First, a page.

Whale Rider by Witi Ihimaera
The current news includes the heartbreaking story of pilot whales beaching themselves on a New Zealand island, dying in droves as the residents try to save them. I cannot but think of the book, The Whale Rider, written by Witi Ihimaera, every time I see the pictures.
This is an old book (1987) but it is one that bears rereading. It is rich in Maori history, and is told in the present tense as well as in the words of the legends and myths showing the Maori relationship with the gods and the creatures of the sea.
“If the story has a beginning, it is with Kahu, “a disappointing girl born in the line of the great chiefs. By custom, leadership falls from the eldest son to the eldest son. To have a great-granddaughter interrupt the line was an inconsolable sorrow to Great-grandfather Koro. He vows to have nothing to do with the child. However, she adores him from the first moment she sees him, and will not be dissuaded from loving him no matter how cruelly he ignores her.
When Koro begins to despair of passing the mantle, he starts classes in Maori traditions, hoping to find a fitting young man to come into the line. While he teaches inside, Kahu is learning outside. Not surprisingly, the teaching takes place in the community building. When Kahu was born off island, her afterbirth was brought back to her island and community, and buried just there. Legend has it that the first golden whale rider threw his last spear to mark his people – and that it had landed, just there.
The story follows Kahu’s young life and her ability to communicate with the sea and its hosts. When whales begin to beach themselves on her island, she is the one to save them from total destruction.
There are tears to be shed here, and much laughter as we meet the various family members, including Koro and his wife, Nanny Flowers, queen of the motorcycle gang, and the narrator, Kahu’s uncle. This book is engrossing and touching, and unfortunately, timely. It has been made into an amazing movie worthy of the book. – Review by Jan Cravens, Youth Services assistant
Scythe by Neal Shusterman
So what do you do when death is no longer a part of life? In Neal Shusterman’s newest book, Scythe, medical and technological advances have eliminated death as a part of natural life. But to control population, some pruning must occur.
And therefore, a group of highly trained men and women are tasked with population reduction, or gleaning. They are called Scythes – and they follow 10 rules for the legal taking of lives and answer to no one.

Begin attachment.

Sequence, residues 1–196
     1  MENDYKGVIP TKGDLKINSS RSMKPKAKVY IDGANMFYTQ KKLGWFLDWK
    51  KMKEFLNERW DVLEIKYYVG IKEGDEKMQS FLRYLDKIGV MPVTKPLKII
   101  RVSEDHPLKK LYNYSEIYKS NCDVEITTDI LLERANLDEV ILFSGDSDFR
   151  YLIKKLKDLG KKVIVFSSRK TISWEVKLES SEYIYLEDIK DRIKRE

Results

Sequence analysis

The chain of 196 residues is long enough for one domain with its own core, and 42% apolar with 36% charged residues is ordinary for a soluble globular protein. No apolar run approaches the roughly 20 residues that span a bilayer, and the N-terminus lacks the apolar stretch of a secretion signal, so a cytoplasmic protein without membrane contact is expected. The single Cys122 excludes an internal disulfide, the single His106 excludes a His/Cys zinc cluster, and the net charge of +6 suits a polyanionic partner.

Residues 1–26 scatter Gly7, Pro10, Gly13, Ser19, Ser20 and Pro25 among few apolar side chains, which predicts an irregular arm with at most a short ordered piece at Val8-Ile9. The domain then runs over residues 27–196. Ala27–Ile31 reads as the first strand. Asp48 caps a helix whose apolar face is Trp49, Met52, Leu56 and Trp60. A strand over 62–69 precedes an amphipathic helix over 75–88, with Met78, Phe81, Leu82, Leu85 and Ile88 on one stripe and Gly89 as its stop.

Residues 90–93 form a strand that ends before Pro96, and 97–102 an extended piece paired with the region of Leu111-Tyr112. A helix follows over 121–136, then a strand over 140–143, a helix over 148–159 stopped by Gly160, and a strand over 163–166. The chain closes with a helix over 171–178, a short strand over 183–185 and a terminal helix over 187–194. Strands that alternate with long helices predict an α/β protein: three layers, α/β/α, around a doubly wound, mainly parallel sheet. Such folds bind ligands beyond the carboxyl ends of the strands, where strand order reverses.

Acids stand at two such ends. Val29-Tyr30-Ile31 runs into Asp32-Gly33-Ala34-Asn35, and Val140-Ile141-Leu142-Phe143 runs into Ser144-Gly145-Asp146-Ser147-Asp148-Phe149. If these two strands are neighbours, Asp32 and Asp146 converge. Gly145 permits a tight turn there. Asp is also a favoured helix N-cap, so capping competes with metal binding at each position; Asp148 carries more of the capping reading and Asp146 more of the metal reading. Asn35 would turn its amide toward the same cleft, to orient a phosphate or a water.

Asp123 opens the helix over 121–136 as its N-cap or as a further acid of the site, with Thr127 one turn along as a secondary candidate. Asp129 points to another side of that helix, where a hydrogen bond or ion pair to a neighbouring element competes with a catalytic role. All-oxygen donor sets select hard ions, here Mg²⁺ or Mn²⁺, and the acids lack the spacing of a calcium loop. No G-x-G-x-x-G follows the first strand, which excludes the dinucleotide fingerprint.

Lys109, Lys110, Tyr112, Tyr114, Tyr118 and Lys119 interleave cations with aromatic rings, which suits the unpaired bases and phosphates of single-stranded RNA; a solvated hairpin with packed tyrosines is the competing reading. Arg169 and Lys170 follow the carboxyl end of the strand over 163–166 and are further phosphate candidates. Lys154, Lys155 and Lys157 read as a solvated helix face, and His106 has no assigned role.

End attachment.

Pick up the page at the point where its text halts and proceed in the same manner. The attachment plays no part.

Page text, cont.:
Scythe Faraday chooses Rowan and Citra as apprentices after chance encounters with each. There seems to be nothing exceptional in either teen, but Faraday has seen something in each. Unfortunately, only one will be chosen to ascend to the title of Scythe, and to complicate matters, against their best intentions, Rowan and Citra fall in love.
Training for the two begins. It is harsh but fair; challenging but ethical. Scythe Faraday is fair, ethical and compassionate, understanding that unless he respects death he cannot inflict it upon random citizens. After Faraday’s untimely death (murder?), Citra is taken on by Scythe Curie, who echoes much the same values as Scythe Faraday. Rowan, however, is taken on by Scythe Goddard, who sees himself above the law and enjoys the necessary killings as sport. Yet each, technically, follows the 10 commandments, which include: 1 – Thou shalt kill, and 2 – Thou shalt be beholden to no laws beyond these.
Scythe Goddard was the one who proposed that since Scythes were allowed only one ascendant apprentice, the Faraday apprentice not chosen should be gleaned, immediately, by the one who was. This proposal before the MidMerica convention of Scythes, demonstrated that there are politics at work even in this highest of organizations.
Will Citra and Rowan remain confident in each other? Will Rowan be turned to view his profession as an avenue for legalized violence? This first of the Arc of the Scythe trilogy does answer those questions, and then sets the scene for further exploration into the ethics of living and dying and very powerful governmental bodies.
Neal Shusterman is no stranger to tackling sensitive topics. This new trilogy takes a look at a world in which death is no longer a natural occurrence. In the Unwind Dystology, Shusterman explored a world without abortion but in which parents were given the opportunity to “unwind” children when they achieved age 13.
A visit with Neal Shusterman is one in which story telling is the point. But along the way, he forces us to think about the possibilities our futures could hold. — review by Jan Cravens, Youth Services assistant
What to read, what to read? Always a dilemma – the books keep coming and the list keeps growing!
I have loved reading as long as I can remember. I read when I can and what I can – old, new, mystery, romance, historical fiction, biography, etc., etc. I hope to share some titles and reviews to keep in mind when that “what to read?” question pops up again.
Check back often for these reviews on our Kids and Teens pages!
Jan Cravens, Youth Services Assistant